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Maryland school district sues Meta, Google and TikTok over ‘mental health crisis’

A Maryland school district is suing owner ByteDance of Meta, Google, Snap and TikTok for allegedly contributing to a “mental health crisis” among students. a lawsuit filed by the Howard County Public School System claims Thursday that the social networks run by these companies are “addictive and dangerous” products that have “rewired” the way children “think, feel and behave.”

The lawsuit cites a laundry list of issues on Instagram, Facebook, YouTube, Snapchat and TikTok accused of harming children. That includes the (allegedly) addictive “dopamine-triggering rewards” on every app, like TikTok’s For You page, which uses user activity data to provide an endless stream of suggested content. It also mentions Facebook and Instagram’s recommendation algorithms and “features designed to create harmful loops of repetitive and excessive product use.”

In addition, the school district accuses each platform of encouraging “unhealthy, negative social comparisons, which in turn cause body image issues and related mental and physical disorders” in children. Other parts of the lawsuit deal with “flawed” parental controls in each app, along with security loopholes that would promote child sexual exploitation.

“For the past decade, Defendants have relentlessly pursued a strategy of growth at all costs, recklessly ignoring the impact of their products on the mental and physical health of children,” the lawsuit states. “In a race to corner the ‘valuable but untapped’ market of tween and teen users, each defendant designed product features to promote repeated, uncontrollable use by children.”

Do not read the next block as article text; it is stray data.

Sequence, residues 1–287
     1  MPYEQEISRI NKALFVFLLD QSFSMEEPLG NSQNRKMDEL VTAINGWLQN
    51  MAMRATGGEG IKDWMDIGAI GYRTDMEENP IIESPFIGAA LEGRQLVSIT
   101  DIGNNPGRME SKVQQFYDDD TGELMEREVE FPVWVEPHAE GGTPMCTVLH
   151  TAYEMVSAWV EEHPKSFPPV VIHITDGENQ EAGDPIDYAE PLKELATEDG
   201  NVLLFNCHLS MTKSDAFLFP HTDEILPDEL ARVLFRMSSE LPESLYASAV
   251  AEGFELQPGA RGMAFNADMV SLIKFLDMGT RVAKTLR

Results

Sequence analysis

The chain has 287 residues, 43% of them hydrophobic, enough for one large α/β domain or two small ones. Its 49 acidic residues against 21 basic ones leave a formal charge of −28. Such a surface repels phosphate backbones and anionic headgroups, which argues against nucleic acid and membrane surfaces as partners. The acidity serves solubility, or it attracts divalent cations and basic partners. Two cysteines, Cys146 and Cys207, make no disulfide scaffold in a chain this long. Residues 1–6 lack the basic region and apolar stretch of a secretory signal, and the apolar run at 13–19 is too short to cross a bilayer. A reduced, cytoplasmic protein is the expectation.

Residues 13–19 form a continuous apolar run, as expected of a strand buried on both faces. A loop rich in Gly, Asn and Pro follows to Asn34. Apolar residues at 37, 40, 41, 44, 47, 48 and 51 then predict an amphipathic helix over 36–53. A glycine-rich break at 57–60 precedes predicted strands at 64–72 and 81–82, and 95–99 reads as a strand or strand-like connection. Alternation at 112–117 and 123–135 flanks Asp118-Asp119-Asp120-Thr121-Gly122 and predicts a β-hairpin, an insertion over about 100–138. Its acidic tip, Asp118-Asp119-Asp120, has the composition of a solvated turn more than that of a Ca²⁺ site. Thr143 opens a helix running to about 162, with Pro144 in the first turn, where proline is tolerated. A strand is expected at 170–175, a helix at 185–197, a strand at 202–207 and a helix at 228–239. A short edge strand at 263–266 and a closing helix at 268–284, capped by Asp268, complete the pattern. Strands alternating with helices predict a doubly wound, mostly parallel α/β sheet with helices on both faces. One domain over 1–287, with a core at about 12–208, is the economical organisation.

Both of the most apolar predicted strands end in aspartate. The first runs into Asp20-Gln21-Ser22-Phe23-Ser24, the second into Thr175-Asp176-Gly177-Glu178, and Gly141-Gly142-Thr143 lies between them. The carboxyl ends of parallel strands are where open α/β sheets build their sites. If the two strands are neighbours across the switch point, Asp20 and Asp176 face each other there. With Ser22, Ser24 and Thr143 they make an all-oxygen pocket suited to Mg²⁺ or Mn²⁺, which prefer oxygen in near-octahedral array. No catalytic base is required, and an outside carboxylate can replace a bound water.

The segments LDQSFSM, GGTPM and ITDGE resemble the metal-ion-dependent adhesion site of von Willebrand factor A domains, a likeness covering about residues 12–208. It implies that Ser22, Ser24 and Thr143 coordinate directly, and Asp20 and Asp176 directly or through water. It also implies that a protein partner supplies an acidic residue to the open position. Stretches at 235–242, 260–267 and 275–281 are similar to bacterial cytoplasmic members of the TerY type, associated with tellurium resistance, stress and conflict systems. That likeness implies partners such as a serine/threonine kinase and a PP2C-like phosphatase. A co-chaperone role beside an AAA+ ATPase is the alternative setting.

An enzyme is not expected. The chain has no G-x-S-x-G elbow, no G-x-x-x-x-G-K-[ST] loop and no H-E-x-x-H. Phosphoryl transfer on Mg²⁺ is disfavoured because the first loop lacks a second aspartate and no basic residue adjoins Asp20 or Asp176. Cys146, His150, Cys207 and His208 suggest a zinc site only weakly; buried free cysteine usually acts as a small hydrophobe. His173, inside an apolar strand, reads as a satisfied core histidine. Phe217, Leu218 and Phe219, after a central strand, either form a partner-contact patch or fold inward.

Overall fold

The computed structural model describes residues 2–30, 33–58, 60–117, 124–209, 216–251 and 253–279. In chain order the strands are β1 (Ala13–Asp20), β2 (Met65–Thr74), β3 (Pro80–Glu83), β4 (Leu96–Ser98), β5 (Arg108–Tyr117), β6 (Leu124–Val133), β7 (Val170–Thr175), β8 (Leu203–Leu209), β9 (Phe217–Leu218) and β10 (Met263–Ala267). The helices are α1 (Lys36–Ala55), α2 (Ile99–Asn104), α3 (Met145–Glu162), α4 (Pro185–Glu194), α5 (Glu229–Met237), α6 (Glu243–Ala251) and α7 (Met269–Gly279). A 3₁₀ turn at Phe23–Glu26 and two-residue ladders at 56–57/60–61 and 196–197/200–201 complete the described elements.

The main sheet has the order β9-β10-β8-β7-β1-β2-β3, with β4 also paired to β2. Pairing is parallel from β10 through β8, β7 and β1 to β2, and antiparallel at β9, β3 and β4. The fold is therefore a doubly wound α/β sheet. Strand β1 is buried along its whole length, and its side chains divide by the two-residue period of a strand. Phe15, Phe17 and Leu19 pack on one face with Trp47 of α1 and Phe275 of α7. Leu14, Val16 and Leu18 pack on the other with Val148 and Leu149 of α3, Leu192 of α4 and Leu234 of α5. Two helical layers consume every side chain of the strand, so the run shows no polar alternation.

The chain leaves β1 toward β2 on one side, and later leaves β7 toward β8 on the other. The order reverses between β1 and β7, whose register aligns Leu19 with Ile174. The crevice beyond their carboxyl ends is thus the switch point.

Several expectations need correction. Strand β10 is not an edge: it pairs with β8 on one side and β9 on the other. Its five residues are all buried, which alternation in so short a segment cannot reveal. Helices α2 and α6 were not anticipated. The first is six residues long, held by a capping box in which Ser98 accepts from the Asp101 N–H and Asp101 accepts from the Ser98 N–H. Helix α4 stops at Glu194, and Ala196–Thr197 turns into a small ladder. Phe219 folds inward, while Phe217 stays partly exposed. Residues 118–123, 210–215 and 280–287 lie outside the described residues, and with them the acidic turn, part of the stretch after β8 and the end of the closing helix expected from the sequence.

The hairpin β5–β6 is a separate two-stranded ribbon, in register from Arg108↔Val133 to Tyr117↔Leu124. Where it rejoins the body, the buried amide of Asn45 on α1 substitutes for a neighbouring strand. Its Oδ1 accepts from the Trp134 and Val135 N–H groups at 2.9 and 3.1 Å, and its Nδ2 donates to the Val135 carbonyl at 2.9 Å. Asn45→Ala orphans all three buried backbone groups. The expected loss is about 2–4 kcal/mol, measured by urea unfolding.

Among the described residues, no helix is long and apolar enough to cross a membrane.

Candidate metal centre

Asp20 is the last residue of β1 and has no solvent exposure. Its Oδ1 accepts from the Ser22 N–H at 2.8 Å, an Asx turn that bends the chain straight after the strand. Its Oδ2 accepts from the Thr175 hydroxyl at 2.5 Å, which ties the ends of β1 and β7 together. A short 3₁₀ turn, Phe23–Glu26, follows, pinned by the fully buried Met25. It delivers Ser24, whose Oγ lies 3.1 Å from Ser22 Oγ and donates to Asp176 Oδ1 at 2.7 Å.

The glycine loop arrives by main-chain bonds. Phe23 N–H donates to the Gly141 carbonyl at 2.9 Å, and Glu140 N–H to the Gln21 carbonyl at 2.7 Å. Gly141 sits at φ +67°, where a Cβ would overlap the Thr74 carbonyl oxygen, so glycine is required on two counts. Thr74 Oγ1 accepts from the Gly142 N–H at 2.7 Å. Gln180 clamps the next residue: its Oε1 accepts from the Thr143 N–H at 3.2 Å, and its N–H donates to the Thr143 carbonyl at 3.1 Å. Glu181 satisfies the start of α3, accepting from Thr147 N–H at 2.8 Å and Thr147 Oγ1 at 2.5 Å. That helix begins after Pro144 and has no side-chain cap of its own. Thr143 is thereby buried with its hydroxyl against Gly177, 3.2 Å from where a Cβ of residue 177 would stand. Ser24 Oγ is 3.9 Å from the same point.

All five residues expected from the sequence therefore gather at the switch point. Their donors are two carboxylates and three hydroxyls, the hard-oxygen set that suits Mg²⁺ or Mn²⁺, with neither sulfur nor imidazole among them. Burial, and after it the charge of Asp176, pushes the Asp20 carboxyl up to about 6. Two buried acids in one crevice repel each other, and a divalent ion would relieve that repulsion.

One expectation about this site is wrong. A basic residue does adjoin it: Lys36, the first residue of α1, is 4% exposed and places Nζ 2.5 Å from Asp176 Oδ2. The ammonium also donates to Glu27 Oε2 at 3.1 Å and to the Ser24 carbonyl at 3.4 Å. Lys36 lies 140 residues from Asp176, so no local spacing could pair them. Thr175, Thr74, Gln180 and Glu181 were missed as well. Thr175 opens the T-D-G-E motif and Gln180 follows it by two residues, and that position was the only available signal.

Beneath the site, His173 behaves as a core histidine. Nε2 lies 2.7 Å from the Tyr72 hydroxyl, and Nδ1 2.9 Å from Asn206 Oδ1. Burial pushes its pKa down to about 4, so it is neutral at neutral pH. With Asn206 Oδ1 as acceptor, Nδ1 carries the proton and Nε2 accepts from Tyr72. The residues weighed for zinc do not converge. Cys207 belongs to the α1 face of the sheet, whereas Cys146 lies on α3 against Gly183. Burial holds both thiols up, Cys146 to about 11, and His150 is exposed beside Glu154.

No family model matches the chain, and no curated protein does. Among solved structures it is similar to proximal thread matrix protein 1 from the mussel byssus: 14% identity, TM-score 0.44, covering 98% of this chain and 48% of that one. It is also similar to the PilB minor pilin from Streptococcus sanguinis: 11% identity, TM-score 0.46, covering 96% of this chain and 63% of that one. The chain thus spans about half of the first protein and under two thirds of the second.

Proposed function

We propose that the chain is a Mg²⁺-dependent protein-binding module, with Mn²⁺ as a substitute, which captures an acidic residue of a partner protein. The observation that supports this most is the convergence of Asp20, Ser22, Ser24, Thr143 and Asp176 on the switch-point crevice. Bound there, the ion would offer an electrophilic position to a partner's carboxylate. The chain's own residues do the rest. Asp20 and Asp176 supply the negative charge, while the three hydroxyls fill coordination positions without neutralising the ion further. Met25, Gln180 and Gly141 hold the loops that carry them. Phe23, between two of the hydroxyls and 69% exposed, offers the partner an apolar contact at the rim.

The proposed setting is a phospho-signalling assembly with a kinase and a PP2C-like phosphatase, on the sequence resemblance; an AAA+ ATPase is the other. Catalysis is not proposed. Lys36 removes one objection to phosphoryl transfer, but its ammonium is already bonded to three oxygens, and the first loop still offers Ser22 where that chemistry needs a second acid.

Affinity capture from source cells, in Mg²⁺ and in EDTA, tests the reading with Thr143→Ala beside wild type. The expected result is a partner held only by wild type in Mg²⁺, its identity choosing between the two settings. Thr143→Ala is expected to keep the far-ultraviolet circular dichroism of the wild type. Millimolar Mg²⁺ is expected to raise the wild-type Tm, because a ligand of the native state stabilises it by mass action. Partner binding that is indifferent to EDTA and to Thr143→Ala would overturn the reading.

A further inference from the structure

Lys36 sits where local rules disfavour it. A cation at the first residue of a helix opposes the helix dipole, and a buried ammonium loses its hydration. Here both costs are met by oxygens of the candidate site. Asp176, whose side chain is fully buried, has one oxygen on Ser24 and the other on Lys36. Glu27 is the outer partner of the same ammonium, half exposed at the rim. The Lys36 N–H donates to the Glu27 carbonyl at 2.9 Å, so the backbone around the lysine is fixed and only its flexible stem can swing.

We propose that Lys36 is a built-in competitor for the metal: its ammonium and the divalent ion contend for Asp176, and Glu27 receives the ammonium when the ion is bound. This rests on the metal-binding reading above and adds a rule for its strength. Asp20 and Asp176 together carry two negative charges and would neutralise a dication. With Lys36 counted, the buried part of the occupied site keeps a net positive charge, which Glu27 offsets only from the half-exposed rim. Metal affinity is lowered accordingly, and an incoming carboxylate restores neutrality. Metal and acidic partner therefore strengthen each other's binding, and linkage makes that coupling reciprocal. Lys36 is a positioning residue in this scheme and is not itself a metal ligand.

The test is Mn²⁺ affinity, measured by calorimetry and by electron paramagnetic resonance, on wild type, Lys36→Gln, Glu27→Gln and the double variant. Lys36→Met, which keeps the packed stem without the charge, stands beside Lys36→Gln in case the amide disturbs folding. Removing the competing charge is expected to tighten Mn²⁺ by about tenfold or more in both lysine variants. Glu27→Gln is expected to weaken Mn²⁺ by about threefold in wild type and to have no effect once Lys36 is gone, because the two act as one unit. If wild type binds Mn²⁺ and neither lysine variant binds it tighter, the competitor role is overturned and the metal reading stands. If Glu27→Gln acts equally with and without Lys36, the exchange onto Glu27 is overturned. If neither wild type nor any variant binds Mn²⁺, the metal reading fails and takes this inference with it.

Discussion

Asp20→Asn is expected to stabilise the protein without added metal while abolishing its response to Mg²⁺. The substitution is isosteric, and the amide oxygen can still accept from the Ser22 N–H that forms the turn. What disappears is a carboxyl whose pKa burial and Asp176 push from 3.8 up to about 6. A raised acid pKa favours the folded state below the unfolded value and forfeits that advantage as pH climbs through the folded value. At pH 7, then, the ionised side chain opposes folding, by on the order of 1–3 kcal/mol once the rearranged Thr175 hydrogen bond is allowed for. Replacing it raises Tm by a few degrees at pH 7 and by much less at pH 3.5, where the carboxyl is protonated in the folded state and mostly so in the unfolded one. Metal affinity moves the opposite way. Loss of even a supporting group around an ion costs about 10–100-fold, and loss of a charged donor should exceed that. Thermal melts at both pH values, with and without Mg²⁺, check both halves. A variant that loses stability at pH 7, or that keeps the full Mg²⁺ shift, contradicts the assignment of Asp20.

The Howard County Public School System is far from the only school district that has recently decided to take legal action against social media companies. In addition to two other school districts in Maryland, school systems in Washington state, Florida, California, Pennsylvania, New Jersey, Alabama, Tennesseeand others have filed similar lawsuits over the negative effects social media has had on children’s mental health.

“We have invested in technology that finds and removes content related to suicide, self-harm or eating disorders before anyone reports it to us,” said Antigone Davis, head of security at Meta, in a statement emailed to The edge. “These are complex issues, but we will continue to work with parents, experts and regulators like the state attorneys general to develop new tools, features and policies that meet the needs of teens and their families.”

Google denies the allegations outlined in the lawsuit, company spokesman José Castañeda says in a statement to The edge“Working with child development specialists, we’ve developed age-appropriate experiences for kids and families on YouTube and provide robust controls for parents.” Meanwhile, Snap spokesperson Pete Boogaard says the company is “bold[s] all content before it can reach a large audience, helping to protect against the promotion and discovery of potentially harmful material.” ByteDance did not respond immediately The edgerequest for comment.

Critics have drawn attention to the potential impact of social media on children and teens, especially after Facebook whistleblower Frances Haugen came forward with a wealth of internal documents proving that Meta was aware of the potential harm Instagram had for some young users. Last week, US Surgeon General Dr. Vivek Murthy issued a public opinion calling social media a “serious risk of harm to the mental health and well-being of children and adolescents”.

Some states have responded to social media safety concerns by enacting laws that prevent children from signing up for social media sites. While Utah will ban children under the age of 18 from using social media without parental consent starting next year, Arkansas has passed similar legislation banning minor children from signing up for social networks. At the same time, a wave of national online safety laws, some of which could implement some kind of online age verification system, have made their way to Congress despite warnings from civil liberties and privacy advocates.

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